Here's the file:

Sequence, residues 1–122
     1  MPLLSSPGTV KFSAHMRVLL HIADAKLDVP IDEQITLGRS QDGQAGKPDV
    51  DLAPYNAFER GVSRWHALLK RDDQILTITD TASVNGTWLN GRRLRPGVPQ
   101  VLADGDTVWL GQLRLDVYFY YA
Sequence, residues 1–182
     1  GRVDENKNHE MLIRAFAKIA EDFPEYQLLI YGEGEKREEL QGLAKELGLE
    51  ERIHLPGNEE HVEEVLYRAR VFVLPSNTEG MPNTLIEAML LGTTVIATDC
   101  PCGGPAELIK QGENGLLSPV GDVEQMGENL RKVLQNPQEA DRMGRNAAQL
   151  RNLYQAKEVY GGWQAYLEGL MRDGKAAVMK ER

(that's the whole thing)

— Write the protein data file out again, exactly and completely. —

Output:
Sequence, residues 1–122
     1  MPLLSSPGTV KFSAHMRVLL HIADAKLDVP IDEQITLGRS QDGQAGKPDV
    51  DLAPYNAFER GVSRWHALLK RDDQILTITD TASVNGTWLN GRRLRPGVPQ
   101  VLADGDTVWL GQLRLDVYFY YA
Sequence, residues 1–182
     1  GRVDENKNHE MLIRAFAKIA EDFPEYQLLI YGEGEKREEL QGLAKELGLE
    51  ERIHLPGNEE HVEEVLYRAR VFVLPSNTEG MPNTLIEAML LGTTVIATDC
   101  PCGGPAELIK QGENGLLSPV GDVEQMGENL RKVLQNPQEA DRMGRNAAQL
   151  RNLYQAKEVY GGWQAYLEGL MRDGKAAVMK ER